Chow Bella

We Cook an Arizona Steak That Was Dry-Aged for 100 Days

Chris Malloy
Trimming long-aged New York strip
Arcadia Meat Market, in the middle stages of developing its dry-aged steak program, just cut into a few steaks aged for about 100 days. You can dry-age steak for 14 days or 21 days. You can dry-age steaks for 30 or 45 days. But once you get beyond 45 days, meat gets weird.

The way to dry-age a steak is to store it uncovered in a cold but not freezing room. A few things happen as the days wing by. One, meat loses moisture, resulting in denser flavor and texture. Two, enzymes alter connective tissues, deepening tenderness. Three, bacteria work strange magic, imbuing meat with nuances of barnyard funk that intensify as the aging marches on.

A steak aged for two weeks will get softer, and its flavors will concentrate. A steak aged for three or four weeks will start to show funk. You might draw the line at 45 days, depending on your taste for earthiness.

"This thing is going to be melting," says Nick Addante, as he trims New York strip aged for 100 days.

click to enlarge Nick Addante holding dry-aged meat in his cooler. - CHRIS MALLOY
Nick Addante holding dry-aged meat in his cooler.
Chris Malloy
Addante is the owner of Arcadia Meat Market. The meat he is trimming with a long curved knife looks nothing like meat you should consume. White growth splotches the outside, furring the meat in tufts. There is an odd coating of black, a cauterized-looking coal black, like what you see on an Egyptian mummy hauled out of an entombed sarcophagus. The hunk is shriveled and warped.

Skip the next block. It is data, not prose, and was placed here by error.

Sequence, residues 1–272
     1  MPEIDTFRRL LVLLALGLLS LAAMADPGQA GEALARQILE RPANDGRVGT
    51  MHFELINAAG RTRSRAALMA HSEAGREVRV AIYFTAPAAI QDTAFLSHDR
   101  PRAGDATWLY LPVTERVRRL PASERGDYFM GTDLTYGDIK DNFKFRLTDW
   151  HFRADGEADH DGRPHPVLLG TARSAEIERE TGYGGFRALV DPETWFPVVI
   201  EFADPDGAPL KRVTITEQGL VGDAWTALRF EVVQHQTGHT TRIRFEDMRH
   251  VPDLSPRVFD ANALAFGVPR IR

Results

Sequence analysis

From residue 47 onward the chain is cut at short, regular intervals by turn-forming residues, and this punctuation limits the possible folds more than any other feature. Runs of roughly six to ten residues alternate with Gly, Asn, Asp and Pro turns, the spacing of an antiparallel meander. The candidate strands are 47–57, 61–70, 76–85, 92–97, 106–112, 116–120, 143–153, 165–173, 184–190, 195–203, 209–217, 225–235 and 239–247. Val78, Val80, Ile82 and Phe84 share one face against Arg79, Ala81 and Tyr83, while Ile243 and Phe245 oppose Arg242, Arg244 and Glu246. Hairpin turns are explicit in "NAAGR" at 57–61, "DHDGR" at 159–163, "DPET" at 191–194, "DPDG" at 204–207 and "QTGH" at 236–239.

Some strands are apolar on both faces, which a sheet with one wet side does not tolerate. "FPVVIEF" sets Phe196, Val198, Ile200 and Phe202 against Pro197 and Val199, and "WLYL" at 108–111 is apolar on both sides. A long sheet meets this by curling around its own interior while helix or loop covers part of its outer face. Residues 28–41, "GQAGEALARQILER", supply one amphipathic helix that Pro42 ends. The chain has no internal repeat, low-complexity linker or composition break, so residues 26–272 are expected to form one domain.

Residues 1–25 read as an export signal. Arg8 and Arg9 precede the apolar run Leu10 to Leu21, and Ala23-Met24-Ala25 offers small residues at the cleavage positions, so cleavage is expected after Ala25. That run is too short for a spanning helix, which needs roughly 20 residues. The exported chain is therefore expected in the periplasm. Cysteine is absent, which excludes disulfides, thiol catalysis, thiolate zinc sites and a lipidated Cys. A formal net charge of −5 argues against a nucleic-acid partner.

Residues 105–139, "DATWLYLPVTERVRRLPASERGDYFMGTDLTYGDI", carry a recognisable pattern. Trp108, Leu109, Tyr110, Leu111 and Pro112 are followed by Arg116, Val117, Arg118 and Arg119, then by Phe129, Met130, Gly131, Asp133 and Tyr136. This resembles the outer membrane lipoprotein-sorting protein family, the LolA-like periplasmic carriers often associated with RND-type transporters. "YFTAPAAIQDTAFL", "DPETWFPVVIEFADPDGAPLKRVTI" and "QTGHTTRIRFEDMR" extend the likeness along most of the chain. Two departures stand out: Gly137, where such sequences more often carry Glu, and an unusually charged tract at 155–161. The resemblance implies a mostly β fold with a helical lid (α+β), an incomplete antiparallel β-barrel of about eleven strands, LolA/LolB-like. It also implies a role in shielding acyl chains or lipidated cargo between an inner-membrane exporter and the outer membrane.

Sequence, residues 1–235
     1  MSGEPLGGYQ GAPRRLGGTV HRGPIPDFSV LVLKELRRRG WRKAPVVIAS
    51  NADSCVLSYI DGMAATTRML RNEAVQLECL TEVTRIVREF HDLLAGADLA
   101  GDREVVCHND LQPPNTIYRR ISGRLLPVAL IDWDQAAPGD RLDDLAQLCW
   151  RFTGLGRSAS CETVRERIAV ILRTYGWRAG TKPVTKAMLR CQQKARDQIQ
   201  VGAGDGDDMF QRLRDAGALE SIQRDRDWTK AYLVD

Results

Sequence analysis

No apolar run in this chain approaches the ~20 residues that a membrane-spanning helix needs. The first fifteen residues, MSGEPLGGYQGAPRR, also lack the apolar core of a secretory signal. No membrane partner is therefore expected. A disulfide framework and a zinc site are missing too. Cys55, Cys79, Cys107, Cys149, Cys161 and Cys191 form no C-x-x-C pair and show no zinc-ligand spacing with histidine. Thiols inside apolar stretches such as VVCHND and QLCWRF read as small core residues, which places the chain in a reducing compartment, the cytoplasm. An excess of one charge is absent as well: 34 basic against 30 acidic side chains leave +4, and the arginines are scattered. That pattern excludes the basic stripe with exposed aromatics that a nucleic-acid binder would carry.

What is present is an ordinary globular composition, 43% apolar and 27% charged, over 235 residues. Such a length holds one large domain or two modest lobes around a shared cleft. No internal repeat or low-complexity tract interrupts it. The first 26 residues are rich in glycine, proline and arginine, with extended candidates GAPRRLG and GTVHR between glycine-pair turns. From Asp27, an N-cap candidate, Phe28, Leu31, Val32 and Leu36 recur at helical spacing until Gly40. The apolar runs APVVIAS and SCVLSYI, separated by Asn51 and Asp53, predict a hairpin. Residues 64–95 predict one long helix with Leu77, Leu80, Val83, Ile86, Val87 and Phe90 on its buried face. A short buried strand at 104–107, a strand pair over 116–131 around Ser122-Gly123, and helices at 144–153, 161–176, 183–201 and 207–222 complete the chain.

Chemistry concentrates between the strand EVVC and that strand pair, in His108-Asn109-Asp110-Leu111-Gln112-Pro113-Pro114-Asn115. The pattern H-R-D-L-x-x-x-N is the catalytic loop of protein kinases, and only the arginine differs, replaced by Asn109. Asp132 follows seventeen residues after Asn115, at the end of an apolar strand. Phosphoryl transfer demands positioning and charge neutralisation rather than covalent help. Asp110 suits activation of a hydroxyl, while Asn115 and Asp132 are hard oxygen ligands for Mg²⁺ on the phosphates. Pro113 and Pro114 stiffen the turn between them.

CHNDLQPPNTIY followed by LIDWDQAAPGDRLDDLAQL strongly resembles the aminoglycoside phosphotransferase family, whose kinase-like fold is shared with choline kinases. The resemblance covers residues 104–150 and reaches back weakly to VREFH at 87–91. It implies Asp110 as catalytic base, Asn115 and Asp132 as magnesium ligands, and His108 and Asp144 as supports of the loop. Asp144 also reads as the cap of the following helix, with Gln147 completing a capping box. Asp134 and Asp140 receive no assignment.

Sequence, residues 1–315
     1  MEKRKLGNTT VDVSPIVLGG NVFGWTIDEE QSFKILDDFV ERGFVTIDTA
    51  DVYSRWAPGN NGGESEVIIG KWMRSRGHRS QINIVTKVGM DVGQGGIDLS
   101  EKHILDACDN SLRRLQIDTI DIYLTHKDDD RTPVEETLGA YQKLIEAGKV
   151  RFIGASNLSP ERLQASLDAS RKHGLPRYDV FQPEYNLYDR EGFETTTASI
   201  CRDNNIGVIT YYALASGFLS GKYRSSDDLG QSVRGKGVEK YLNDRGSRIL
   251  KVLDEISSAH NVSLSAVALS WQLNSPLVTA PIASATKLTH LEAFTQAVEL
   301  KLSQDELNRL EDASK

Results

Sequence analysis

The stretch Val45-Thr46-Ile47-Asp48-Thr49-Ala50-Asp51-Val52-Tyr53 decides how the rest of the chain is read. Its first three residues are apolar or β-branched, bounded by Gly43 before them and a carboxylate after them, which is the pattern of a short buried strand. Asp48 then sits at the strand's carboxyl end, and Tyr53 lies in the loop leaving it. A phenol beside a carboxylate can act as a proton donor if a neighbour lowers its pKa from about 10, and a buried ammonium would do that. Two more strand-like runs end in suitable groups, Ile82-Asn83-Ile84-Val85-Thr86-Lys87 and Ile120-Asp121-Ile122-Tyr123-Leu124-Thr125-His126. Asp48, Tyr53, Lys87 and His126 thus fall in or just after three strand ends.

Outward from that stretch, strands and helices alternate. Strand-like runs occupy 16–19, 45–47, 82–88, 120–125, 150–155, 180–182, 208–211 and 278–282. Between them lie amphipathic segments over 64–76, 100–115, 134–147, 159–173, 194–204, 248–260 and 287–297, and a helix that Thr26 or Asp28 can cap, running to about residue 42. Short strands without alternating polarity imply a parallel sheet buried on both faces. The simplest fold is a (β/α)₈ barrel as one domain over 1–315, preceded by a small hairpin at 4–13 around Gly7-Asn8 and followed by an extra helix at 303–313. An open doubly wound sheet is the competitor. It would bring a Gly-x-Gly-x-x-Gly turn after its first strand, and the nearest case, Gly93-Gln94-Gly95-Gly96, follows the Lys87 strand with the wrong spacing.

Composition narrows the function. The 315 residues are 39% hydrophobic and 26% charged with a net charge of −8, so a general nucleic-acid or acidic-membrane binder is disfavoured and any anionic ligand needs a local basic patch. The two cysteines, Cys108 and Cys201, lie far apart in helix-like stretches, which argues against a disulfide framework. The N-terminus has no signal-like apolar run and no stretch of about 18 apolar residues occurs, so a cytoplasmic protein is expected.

Addante slides his knife just under the molds and blemishes. He slices off a thin swath, sets it aside, lifts his knife, slides, and cuts more of the thin surface free.

Under the surface, the steak is deep, dark red. It's the color of mahogany and cooked blood.

What he is doing is carving away the exterior. When he is done, what will be left are New York strips, all broken down from one larger cut that had been hanging since before Cinco de Mayo.

click to enlarge Two sirloin caps: one aged for a few weeks, one aged for a few months. - CHRIS MALLOY
Two sirloin caps: one aged for a few weeks, one aged for a few months.
Chris Malloy
During dry-aging, meat can lose more than a quarter of its weight. (This is water weight lost to evaporation.) Lost mass and added time on the shelf are two drivers behind dry-aged steak's price. Addante will sell long-aged New York strips for $40 to $50 a pound.

Addante plans to have a wide selection of dry-aged steaks on hand for customers. He wants to keep 30-day and 45-day beef regularly, as well as steak aged for far longer.

Cooked, Addante's 100-day strip has an almost unbelievable spirit. It is a detonation of darkly beefy flavor. You can taste clean blood and iron. But what seems to stretch the limits of credibility are the textures of the blooming funk. These earthy tones call to mind hay and farm animals and harvests and rain and clay soil and penicillin and mold and death. It's similar to the flavor matrix you get when you eat the rind of a washed-rind cheese, like Taleggio.

click to enlarge Crushing a long-aged steak in old cast iron. - CHRIS MALLOY
Crushing a long-aged steak in old cast iron.
Chris Malloy
If you're looking to up your grilling, or to experience meat in a way that seems to make meat eating even more primal than it already is, ask Addante if he has long-aged steaks when you're in. He's still developing the program, but he may have something wild waiting back in the cooler.

Arcadia Meat Market. 3950 East Indian School Road, #130; 602-595-4310.
Wednesday 2 to 7 p.m.; Thursday 10 a.m. to 7 p.m.; Friday 9 a.m. to 7 p.m.; Saturday 9 a.m. to 5 p.m.; Sunday 10 a.m. to 2 p.m.; Monday 10 a.m. to 7 p.m.